Critically Analyze the Following Claim: ‘Class Is No Longer Relevant in Australia in the Twenty-First Century.’

Topics: Social class, Working class, Bourgeoisie Pages: 5 (1781 words) Published: November 14, 2012
Critically analyze the following claim: ‘Class is no longer relevant in Australia in the twenty-first century.’

The relevance of social class in Australia has been disputed as to whether it still exists. There are a lot of arguments and opinions on this issue but class inequality is evidently still in force in twenty first Australia. Contemporary Australian society discriminates the difference of social classes through economic status, education and geographic location. The power struggle in social class is analyzed in theorist Karl Marx’s “Communist Manifesto” where the Bourgeois (ruling class) and the Proletarians (working class) are discussed as to how classes are shaped in societies which can then be applied in twenty first century Australia. Bill Martin’s “Class” discusses the distinction between working and middle class in Australia today compared to a generation ago in accordance to materials, geographic location and employment. In Australia, economic status, employment and property ownership refers to what the person earns and owns which are very important factors in determining social classes. A person’s economic status is determined by their employment and employment in Australia is classified in white and blue collar workers. The white collar workers fall into the ruling class category where they obtain degrees, maintain high wage and use their skills/knowledge from the degree to obtain an office job wearing white dress shirts (which is where the word white collar is derived from). Whereas the blue collar workers fall into the low-middle class category, where the workers are employed as tradesmen or laborers as they have physical work with standard wage which don’t require high qualifications. These two main tiers of collars are implemented in twenty first Australia which is a fundamental aspect of determining social class as the white collar workers have wealth putting them in power of the working class which verifies that there is underlying capitalism. In relation to economic status, property ownership is another fundamental aspect of determining a person’s class in Australia as it defines the person’s wealth. Property can consist of houses, investments, cars, savings accounts, land and any materials with value. Property ownership was Marx’s main argument in determining social class as, “The bourgeoisie cannot exist without constantly revolutionizing the instruments of production, and thereby the relations of production, and with them the whole relations of society,” (Marx 771) which argues that if the person doesn’t have some form of ownership then they didn’t have resources for production which would classify them as a laborer putting them in the working class. Property ownership distinguishes the two classes from each other in Australia as it is seen through the works of the Labor party as it has a large group of people in the working class leaving them to manage capitalism. Marx’s infamous quote, “The history of all hitherto existing society is the history of class struggles,” (Marx 79) makes it clear that class struggle is needed to create the division of classes. Jim Kemeny writes “Australian capitalism highlights the way in which the Australian ruling class is likely to differ from those of other middle-sized capitalist societies,” (Kemeny 103) where the ruling class in Australia is weakly developed in retrospect to the economy. Capitalists have the capital and the workers own their power to labor which only receives one third of their produce as the other two thirds are taken by the capitalists which keeps the classes separated; this is evident in Australia due to technological advancements where the laborers are being replaced by technology putting people out of jobs which explains how the rich get richer and the poor get poorer. This division of labour in Australia can also be analysed by sociologist Max Weber as he thought Marx’s theory was too simplistic, indeed there were different classes...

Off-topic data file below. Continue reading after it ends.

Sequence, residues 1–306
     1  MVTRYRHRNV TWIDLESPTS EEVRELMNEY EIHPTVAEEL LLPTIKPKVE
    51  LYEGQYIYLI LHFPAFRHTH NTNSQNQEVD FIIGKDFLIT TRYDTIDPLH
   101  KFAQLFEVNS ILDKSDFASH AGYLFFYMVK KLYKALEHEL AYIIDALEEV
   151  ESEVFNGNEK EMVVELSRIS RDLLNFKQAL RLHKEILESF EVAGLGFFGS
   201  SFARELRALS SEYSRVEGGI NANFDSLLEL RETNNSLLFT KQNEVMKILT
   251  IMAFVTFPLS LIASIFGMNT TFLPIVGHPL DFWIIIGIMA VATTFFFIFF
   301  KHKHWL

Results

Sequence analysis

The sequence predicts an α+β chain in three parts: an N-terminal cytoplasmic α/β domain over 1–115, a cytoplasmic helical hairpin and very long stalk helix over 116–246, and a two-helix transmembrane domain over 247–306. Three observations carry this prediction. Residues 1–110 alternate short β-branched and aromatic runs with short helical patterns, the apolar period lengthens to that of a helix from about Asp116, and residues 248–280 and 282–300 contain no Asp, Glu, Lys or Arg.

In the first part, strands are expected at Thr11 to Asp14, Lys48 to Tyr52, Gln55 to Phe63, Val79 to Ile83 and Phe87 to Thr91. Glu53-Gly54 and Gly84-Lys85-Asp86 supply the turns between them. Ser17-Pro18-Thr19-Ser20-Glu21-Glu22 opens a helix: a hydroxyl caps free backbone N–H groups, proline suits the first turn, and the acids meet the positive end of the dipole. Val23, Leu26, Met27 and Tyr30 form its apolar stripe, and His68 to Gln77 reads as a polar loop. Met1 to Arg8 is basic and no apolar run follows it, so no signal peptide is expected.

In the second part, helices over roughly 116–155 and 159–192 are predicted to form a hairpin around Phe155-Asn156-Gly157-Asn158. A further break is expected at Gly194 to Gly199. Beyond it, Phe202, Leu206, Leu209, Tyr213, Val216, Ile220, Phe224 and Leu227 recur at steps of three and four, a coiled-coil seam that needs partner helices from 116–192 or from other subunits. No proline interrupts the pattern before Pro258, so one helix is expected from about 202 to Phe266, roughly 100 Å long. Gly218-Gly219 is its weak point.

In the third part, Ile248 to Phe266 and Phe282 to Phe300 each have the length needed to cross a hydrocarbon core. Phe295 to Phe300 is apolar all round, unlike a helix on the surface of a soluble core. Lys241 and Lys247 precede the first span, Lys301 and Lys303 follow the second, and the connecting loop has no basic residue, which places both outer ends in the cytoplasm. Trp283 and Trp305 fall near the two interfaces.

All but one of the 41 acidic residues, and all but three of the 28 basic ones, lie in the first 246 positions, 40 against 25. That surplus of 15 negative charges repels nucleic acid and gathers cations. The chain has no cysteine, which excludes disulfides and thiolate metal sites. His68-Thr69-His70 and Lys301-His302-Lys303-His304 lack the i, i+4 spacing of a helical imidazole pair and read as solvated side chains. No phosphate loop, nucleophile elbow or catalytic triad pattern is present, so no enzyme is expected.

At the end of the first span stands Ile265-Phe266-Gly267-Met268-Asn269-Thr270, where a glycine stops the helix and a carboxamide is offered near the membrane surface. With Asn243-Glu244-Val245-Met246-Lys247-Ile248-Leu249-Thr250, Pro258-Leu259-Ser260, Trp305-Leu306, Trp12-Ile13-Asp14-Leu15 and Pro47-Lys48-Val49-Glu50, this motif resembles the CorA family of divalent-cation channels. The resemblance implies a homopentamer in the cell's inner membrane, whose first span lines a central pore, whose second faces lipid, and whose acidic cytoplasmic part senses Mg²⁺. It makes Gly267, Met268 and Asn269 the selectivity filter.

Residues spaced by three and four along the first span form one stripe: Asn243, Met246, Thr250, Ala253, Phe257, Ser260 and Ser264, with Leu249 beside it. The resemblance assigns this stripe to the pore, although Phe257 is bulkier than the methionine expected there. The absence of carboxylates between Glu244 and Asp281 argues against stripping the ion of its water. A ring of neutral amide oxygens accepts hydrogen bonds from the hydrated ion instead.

Cited: Henslin, James M. Global Stratification, “Essentials of Sociology: A-Down-To-Earth Approach Eighth ed. Boston: Pearson/Allyn and Bacon, 2009. 170-95. Print.
Kemeny, J. Capitalism- the Australian way, Arena (Melbourne) 1978. No.51, 94-103. Print.
Marcus, Caroline. “Welcome to Bludgetown, Western Sydney.” The Daily Telegraph 10 Jun. 2012. Print.
Martin, B. Class, in P. Beilharz and T. Hogan (eds.) “Sociology: Place, Time and Division”, South Melbourne: Oxford University Press, 2006. pp. 402-405. Print.
Marx, Karl - Engels, Friedrich. The Communist Manifesto. United Kingdom: Penguin Books, 2002. Print.
McCamish, Thornton. “Whatever happened to the classless society.” The Age 16 Aug. 2009. Print.
Weber, M. The Protestant Ethic and the spirit of Capitalism, Unwin Hyman Limited London- 1985. Print.
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